Review of Love and Math: The Heart of Hidden Reality by

Book cover for Love and Math: The Heart of Hidden Reality

I’m disappointed that so many people seem underwhelmed by the autobiographical parts of this book and feel that they are ancillary to Frenkel’s purpose. I disagree: they are, in fact, the heart and soul of Love & Math. Without them, this would be a fairly intense treatise on deep connections between abstract algebra, algebraic geometry, and quantum physics. With them, Frenkel demonstrates how the study of mathematics and a devotion to thought for thought’s sake, to fulfil human curiosity helped him personally through anti-Semitism and Soviet persecution. In some ways I was reminded of remarks Neil Turok makes in The Universe Within (if I am remembering correctly) about the state of education in many African countries depriving us of staggering potential intellects. How many people, poor or Jewish or otherwise unprivileged, were not as lucky as Frenkel happened to be?

Frenkel’s personal recollections are also interesting because they provide a glimpse into the lifestyle and community of professional mathematicians. This is not something most people think about, even people who are scientifically-minded. There are a few famously reclusive or otherwise lone-wolf mathematicians out there (though I think that most of them at least maintain some kind of correspondence with a few respected colleagues), but for the most part, twentieth and twenty-first century mathematics is very much a group endeavour. Frenkel describes how he helped to organize new research in the Langlands Program by gathering together mathematicians from various institutions to hear their input. Belying the stereotypes, mathematics is a very social world.

Ultimately, of course, the personal parts of the story are essential to Frenkel’s explanation of why he loves math. Again, I must disagree with those reviewers who pan this book because it doesn’t inspire them to love math … that was never the aim. Neither the book nor Frenkel are naive enough to believe that, I think. But I suspect one reason many people react the way they do when one reveals one’s mathematical inclinations is genuine bewilderment over the idea that a “normal” person could actually love math. As Frenkel points out, even when mathematical achievements are depicted in popular culture, the subject is always a social outsider.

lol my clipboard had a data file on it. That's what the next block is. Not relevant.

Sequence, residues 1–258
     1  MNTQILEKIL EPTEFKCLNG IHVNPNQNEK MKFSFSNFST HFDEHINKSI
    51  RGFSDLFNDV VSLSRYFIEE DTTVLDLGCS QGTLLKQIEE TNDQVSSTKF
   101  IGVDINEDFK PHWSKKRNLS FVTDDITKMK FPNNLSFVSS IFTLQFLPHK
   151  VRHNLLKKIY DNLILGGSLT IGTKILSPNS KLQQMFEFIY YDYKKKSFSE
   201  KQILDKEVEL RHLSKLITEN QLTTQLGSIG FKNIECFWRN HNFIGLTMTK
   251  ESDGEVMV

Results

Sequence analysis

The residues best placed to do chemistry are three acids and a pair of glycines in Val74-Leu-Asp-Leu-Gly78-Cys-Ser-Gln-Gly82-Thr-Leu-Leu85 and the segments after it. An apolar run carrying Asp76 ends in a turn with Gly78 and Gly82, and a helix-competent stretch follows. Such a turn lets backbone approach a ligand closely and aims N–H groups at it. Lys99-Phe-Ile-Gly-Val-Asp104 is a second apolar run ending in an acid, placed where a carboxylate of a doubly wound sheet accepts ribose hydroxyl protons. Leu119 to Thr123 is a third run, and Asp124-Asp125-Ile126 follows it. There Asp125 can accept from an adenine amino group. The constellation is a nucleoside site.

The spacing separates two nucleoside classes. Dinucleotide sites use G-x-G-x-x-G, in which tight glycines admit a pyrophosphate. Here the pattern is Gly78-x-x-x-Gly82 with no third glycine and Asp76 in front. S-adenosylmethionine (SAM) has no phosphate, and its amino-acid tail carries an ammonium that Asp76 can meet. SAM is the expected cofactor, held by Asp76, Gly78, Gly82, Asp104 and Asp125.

(In a way, it’s similar to this whole idea of left brain/right brain people. “Oh, you’re a left brain person!” and, when people find out I teach both math and English, “You’ve got a weird left and right brain thing going on!” But the truth is, a lot of people in “left brain” positions that require logical reasoning are also very creative and passionate and linguistic—and a lot of “right brain” thinkers are also organized and calculating. Humans are diverse, and the stereotypes and categories we create are not that good at classifying us.)

The autobiographical elements also humanize what might otherwise be a fairly involved book. When Frenkel talks about loving math, he isn’t pulling a Cabinet of Curiosities here. Don’t get me wrong: I’m all for books explaining elementary math. But I’m pleased that Frenkel tackles much higher-concept, abstract mathematics in a nonetheless accessible and approachable way.